DES MOINES, Iowa -- The list of all the high school wrestling champions since the IHSAA began hosting the tournament in 1926 is long--thirty-four pages long, to be exact.
The 1,940 athletes crowned champion all have one thing in common: the singlet.
"That's what it has been for such a long time. I don't really see a point in changing it because there is nothing wrong with the singlets themselves," said Carlisle wrestler Dez Hammel.
This past May, the National Federation of State High School Associations approved two-piece uniforms. They consist of a compression shirt and smaller, wrestling-specific style shorts.
State tournament wrestler from Des Moines East, Matthew Jordan jumped at the opportunity. He said, "The two-piece, I feel like I'm just at practice. It's just more comfortable and I can walk around in it all day. I can't just walk around in my singlet, I'd look goofy."
It is still an uphill battle against traditionalists. Steve Bellon from Knoxville said, "My son did, my grandson is here today, and they wear the one-piece, and that's the way I'd like to see it, the way I grew up watching it."
Some naysayers took a technical approach.
Hammel said, "The real baggy trunks, I think, could hinder the other person wrestling because they could potentially get a finger caught on it and it makes it harder to grab a leg or do a certain move."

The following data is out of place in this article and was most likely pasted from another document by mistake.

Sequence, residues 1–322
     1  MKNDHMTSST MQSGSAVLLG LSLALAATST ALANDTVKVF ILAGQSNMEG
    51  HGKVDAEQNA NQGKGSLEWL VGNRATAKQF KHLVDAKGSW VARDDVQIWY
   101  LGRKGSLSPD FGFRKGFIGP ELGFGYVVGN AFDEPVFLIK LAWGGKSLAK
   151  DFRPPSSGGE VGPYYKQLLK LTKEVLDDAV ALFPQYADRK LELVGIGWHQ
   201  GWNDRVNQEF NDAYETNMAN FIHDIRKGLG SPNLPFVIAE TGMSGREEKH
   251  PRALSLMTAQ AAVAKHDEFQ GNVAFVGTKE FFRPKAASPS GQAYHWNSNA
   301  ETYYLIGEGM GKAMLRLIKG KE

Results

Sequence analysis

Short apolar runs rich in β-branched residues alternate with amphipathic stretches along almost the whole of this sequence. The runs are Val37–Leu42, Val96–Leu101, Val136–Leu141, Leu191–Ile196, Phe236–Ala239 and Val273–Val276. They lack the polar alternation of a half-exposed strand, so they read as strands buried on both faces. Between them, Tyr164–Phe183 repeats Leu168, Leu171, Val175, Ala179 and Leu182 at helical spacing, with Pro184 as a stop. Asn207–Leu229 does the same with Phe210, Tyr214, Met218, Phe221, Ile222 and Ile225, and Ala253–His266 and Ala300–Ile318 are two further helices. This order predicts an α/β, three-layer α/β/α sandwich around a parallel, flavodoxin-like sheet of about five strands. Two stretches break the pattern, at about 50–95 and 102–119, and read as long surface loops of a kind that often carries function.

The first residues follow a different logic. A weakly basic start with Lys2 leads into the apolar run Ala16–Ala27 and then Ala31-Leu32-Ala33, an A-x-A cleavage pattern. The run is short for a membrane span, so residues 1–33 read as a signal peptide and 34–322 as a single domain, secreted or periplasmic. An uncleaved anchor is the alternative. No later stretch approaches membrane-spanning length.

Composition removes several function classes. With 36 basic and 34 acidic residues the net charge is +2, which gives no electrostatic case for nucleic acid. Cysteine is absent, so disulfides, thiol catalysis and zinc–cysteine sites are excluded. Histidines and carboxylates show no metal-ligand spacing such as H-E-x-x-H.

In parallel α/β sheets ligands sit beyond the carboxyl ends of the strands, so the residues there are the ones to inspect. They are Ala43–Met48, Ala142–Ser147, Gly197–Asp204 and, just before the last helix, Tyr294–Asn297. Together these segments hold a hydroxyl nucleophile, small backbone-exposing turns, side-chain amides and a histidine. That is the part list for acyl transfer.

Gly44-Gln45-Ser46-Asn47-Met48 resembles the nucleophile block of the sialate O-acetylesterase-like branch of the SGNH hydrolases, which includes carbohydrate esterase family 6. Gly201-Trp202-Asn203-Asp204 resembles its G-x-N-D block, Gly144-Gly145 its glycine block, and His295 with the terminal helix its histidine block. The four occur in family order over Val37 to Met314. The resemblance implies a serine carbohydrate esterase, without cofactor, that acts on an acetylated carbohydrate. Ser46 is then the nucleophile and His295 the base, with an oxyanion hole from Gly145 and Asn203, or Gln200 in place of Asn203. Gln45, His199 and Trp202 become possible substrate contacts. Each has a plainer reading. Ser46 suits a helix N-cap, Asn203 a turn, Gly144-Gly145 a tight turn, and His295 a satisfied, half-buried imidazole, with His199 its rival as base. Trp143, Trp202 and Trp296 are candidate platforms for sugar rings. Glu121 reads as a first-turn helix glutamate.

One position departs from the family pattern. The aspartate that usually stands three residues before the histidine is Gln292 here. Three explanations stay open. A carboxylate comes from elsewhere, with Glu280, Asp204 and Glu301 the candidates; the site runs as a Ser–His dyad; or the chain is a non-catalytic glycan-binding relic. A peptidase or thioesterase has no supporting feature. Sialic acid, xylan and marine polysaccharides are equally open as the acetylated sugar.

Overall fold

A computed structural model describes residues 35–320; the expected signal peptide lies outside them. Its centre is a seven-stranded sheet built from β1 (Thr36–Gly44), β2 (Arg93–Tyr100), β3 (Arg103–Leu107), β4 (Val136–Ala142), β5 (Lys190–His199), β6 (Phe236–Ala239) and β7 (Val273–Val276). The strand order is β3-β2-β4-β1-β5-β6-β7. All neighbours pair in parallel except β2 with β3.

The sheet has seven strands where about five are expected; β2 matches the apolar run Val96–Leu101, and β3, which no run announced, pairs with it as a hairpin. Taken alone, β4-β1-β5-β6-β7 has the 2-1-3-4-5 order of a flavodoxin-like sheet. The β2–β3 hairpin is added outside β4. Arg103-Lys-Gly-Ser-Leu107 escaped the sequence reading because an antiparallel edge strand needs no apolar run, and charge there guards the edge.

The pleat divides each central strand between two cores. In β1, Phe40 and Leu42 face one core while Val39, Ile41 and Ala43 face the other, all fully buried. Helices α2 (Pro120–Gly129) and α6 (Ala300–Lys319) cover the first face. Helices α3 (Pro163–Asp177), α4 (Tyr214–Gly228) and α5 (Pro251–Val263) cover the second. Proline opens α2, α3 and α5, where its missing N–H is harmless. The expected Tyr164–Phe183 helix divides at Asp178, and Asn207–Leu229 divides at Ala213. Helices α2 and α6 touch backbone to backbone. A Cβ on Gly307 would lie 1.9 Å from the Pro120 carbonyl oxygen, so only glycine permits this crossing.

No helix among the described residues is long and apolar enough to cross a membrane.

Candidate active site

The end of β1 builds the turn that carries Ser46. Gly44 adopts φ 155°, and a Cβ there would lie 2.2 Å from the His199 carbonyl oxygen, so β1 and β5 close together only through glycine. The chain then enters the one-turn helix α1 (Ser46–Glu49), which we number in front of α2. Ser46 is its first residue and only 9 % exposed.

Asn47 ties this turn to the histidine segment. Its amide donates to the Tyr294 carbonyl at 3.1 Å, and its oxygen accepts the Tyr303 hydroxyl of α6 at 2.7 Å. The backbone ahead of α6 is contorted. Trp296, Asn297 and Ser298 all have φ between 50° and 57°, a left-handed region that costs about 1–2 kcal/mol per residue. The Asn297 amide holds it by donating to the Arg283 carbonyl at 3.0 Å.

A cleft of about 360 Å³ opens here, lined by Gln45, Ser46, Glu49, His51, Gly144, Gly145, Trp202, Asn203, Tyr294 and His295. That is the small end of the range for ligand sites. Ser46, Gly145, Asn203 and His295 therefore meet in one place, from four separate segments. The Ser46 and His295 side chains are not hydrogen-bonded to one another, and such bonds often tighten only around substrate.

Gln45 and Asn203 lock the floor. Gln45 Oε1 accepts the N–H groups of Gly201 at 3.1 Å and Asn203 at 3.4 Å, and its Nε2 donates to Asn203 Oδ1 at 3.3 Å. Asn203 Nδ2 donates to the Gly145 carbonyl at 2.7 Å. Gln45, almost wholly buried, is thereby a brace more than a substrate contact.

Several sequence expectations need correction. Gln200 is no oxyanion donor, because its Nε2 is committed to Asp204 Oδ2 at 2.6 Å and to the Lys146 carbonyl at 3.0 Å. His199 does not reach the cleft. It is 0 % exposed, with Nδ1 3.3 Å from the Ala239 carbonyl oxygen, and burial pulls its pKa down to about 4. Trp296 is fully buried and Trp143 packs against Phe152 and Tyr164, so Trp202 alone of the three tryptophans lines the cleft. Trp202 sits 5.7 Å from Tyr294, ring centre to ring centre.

Tammy Berenguel was busy watching West Des Moines Valley wrestlers and said, "It looks more official. The other uniform looks more difficult to wrestle in, I think."
Other opinions, like that of ninth grade Ankeny student Sydney Brenning, were a bit more simple. "I prefer the singlet because I think the boys look better in them. I just really base it off of the guys looking good. That's why I'm here."
Jordan said it is helping boost turnout for the Scarlets, which is one of the reasons behind the NFHS approving the option in the first place. He said, "They are getting more kids to wrestle at our school because they don't want to wrestle in singlets, so they feel more comfortable."
The majority of athletes still choose tradition over trend, but Matthew Jordan admits his successful run to the state tournament run has gained a lot of positive attention.
"If I keep winning and say I make it to a state finals some year and a bunch of kids are looking at me and the younger kids want to make state finals when they are older. They may be looking at the two-piece and think it's cool, maybe they'll put one on and try it out," said Jordan.